Sophisticated malware targets Microsoft Exchange servers, offers hackers "full control"

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ESET has announced the discovery of a new specimen of malware targetted specifically at Microsoft Exchange Servers, and which has been used for 5 years to offer hostile governments and other Advanced Persistent Threats full control over the email of companies targeted.

Lightneuron is one of the most complex backdoors ever spotted on an e-mail server; and Russian cyber criminals are using it as an MTA for Microsoft Exchange e-mail servers.

The hackers can have full control over everything that passes through an infected e-mail server, meaning they can intercept and edit the content of incoming or outgoing e-mails.

“To our knowledge, this is the first malware specifically targeting Microsoft Exchange,” ESET Malware Researcher Matthieu Faou reported.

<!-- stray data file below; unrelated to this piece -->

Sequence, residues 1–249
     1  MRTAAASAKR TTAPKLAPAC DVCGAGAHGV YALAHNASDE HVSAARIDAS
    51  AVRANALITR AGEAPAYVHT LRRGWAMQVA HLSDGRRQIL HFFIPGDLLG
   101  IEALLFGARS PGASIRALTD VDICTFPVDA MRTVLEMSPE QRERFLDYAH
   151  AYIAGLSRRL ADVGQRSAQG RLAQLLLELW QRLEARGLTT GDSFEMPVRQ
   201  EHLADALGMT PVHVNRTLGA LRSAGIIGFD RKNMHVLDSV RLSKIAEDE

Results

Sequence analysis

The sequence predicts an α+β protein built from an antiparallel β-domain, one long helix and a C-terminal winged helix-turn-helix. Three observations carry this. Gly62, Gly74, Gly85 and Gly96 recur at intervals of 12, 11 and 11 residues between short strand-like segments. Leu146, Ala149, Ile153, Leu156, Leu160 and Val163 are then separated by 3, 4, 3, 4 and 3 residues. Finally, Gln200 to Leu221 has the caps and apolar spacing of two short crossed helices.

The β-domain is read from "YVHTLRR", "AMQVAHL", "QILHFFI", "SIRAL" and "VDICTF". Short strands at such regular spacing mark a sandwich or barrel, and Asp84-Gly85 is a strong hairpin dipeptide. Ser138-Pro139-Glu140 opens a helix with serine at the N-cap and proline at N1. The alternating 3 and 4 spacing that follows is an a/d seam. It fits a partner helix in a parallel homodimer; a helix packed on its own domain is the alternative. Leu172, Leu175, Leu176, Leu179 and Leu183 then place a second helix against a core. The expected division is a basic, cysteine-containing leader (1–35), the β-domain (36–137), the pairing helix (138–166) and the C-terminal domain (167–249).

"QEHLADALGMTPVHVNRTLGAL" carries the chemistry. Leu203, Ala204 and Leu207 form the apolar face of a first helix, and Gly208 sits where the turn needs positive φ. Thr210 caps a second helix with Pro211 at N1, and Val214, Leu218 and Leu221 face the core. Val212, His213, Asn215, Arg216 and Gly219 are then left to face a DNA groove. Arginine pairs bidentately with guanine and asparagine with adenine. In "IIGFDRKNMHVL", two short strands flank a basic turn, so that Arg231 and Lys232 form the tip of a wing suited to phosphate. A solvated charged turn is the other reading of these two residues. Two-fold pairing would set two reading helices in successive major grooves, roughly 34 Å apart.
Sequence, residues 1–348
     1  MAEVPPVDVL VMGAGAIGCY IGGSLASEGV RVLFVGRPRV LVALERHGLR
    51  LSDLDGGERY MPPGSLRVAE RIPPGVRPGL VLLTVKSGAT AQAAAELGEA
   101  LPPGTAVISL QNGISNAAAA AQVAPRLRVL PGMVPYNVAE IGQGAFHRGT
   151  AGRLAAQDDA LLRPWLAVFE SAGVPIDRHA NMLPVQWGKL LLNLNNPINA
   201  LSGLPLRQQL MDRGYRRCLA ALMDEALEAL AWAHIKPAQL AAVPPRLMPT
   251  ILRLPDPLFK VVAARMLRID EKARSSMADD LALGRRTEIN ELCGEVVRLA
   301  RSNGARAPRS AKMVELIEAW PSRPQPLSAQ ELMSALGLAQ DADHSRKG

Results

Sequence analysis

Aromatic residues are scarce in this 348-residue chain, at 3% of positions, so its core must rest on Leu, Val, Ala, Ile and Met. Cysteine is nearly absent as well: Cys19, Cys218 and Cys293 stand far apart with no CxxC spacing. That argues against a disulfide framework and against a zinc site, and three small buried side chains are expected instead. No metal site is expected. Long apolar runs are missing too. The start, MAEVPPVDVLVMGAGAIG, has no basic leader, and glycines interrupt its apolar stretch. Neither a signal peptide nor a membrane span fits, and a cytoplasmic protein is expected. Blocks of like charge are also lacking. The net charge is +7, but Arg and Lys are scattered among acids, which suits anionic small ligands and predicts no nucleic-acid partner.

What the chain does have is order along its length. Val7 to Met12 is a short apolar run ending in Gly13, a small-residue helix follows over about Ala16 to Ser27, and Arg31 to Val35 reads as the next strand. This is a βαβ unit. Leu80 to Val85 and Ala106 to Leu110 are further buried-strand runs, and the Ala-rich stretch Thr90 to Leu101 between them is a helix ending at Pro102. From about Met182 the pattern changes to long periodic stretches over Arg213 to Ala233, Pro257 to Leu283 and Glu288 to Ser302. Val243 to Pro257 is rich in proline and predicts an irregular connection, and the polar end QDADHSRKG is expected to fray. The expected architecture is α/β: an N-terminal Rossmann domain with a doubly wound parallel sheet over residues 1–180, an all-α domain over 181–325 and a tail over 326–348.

“Turla targeted email servers in the past using a malware called Neuron (a.k.a DarkNeuron) but it was not specifically designed to interact with Microsoft Exchange.

“Some other APTs use traditional backdoors to monitor mail servers’ activity. However, LightNeuron is the first one to be directly integrated into the working flow of Microsoft Exchange,” said Faou.

What makes LightNeuron unique is its command-and-control mechanism and use of steganography.  Turla hackers hide commands inside PDF and JPG images sent by e-mail, which the backdoor reads and perform.  This makes it considerably more difficult for victim organisations to detect.

ESET released a white paper today with detailed removal instructions, but with LightNeuron working at the deepest levels of a Microsoft Exchange server, this will prove to be very difficult.

Source: zdnet

More about the topics: Microsoft Exchange, security